Recipients of the CFAR developmental pilot awards, generally early career investigators or postdocs at UCSF, frequently subcontract projects with Makerere University. They can utilize the IDI-administered and UCSF-Gladstone CFAR supported Translational Research Lab for any needed analyses. They frequently hire in-country research staff, which is both capacity-building and supportive of existing research collaborations. Investigators based abroad also have benefitted from the CFAR Developmental Awards in the International Mentored Scientist category, in which they partner with a senior UCSF or UCSF-affiliated researcher for their study, which has frequently led to the development of more robustly funded projects that they manage on their own or with their new American based collaborators.

The lab resource is invaluable, and amazing. I think it will take some time for programs to transition protocols, so be patient!  Im wondering what kind of outreach is being undertaken so that researchers at UCSF and other universities can capture capability in their grant proposals. Is there a website describing current capabilities and capacity?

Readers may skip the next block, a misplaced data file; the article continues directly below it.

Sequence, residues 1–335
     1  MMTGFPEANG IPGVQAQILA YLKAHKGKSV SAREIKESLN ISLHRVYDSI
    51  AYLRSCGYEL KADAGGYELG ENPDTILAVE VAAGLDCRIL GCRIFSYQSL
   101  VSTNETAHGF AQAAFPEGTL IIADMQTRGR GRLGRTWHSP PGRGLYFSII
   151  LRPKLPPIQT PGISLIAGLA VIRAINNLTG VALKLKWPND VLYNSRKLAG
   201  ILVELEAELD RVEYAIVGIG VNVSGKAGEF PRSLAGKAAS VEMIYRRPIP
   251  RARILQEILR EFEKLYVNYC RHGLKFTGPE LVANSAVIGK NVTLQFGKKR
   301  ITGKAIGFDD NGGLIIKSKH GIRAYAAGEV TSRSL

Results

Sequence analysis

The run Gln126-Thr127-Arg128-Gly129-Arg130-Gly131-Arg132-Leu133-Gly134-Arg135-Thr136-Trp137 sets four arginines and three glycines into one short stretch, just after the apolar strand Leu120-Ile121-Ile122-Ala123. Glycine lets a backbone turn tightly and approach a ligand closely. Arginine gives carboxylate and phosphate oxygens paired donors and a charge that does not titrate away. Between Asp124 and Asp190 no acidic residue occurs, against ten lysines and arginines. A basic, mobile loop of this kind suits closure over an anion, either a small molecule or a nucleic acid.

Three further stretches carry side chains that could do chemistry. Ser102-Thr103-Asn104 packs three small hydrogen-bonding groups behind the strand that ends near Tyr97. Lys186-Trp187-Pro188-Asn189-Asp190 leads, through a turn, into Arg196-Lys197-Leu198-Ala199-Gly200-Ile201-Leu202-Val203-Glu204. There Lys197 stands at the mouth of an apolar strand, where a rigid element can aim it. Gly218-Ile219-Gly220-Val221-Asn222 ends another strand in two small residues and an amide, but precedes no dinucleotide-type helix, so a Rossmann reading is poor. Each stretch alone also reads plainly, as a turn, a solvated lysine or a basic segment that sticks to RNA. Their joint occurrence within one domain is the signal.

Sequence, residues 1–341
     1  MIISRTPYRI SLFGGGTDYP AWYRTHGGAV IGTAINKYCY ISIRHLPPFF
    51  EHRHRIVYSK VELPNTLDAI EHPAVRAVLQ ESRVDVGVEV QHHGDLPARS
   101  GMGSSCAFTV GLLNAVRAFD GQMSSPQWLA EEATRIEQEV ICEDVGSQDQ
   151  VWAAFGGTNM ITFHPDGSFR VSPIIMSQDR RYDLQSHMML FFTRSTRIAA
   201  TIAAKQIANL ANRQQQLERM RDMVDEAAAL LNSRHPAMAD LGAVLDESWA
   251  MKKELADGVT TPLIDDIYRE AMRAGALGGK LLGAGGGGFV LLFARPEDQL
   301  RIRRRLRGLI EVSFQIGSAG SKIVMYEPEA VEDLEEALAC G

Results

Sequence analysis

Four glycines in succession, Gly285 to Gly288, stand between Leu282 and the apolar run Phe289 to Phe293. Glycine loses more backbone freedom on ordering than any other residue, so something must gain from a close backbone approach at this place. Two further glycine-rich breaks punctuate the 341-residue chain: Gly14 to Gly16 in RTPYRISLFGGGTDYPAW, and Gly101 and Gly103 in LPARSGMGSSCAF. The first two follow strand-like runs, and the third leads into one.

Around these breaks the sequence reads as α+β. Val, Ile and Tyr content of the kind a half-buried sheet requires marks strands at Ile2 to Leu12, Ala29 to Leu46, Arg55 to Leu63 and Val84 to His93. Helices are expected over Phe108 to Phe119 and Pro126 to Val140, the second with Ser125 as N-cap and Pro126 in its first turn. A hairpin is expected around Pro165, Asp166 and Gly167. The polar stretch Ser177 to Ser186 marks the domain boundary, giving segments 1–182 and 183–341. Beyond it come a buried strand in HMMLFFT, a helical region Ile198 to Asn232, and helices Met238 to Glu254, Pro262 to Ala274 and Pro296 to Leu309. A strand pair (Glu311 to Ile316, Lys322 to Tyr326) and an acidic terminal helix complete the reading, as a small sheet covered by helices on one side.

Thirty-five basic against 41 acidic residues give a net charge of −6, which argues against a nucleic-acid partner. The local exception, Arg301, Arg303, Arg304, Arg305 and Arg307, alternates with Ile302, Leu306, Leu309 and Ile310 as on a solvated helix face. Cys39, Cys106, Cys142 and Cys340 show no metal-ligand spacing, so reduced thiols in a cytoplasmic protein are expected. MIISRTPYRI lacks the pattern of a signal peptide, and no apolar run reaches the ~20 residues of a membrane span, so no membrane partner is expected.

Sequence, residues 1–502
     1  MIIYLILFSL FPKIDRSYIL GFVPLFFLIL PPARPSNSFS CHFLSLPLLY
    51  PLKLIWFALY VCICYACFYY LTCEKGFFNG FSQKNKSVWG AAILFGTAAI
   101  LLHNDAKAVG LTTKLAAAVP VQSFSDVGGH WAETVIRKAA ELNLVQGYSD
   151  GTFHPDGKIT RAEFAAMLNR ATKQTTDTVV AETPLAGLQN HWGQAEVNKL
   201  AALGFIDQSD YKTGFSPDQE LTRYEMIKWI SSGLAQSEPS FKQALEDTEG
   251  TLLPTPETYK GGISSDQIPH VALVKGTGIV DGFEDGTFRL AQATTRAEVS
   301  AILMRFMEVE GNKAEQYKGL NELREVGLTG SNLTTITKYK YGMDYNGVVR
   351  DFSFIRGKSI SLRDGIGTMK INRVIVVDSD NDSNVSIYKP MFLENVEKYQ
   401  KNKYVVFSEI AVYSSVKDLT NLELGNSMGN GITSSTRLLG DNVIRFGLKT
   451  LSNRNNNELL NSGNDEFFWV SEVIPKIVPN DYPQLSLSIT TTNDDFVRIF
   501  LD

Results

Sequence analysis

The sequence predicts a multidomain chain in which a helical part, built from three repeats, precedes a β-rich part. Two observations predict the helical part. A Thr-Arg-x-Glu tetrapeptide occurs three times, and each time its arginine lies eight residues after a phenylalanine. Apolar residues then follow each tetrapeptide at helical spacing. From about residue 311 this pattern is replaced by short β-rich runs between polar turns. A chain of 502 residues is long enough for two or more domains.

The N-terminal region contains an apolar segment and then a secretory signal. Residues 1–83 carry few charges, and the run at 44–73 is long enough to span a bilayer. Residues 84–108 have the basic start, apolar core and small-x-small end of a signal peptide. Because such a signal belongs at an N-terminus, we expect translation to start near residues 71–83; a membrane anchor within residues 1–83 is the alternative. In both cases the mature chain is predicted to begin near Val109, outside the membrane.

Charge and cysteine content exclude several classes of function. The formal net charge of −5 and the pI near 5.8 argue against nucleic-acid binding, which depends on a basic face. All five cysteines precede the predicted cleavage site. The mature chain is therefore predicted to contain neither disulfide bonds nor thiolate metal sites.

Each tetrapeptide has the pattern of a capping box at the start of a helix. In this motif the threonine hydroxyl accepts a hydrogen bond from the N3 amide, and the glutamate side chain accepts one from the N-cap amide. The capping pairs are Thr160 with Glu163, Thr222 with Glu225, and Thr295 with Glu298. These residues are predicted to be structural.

Since the Student Training Education Program (STEP) is based out of the Family AIDS Care and Education Services (FACES) program in western Kenya, participants enjoy access to the facilities employed by the project. Participants are able to work in the office spaces used by FACES – including fast internet connection – and have access to vehicles, administrative support, county-level coordinators, and many other resources afforded by the multi-million dollar HIV care project. The participants are connected to a district-level clinical officer (a level of training between a nurse and a doctor), who then coordinates connecting them to a medical professional in the facility.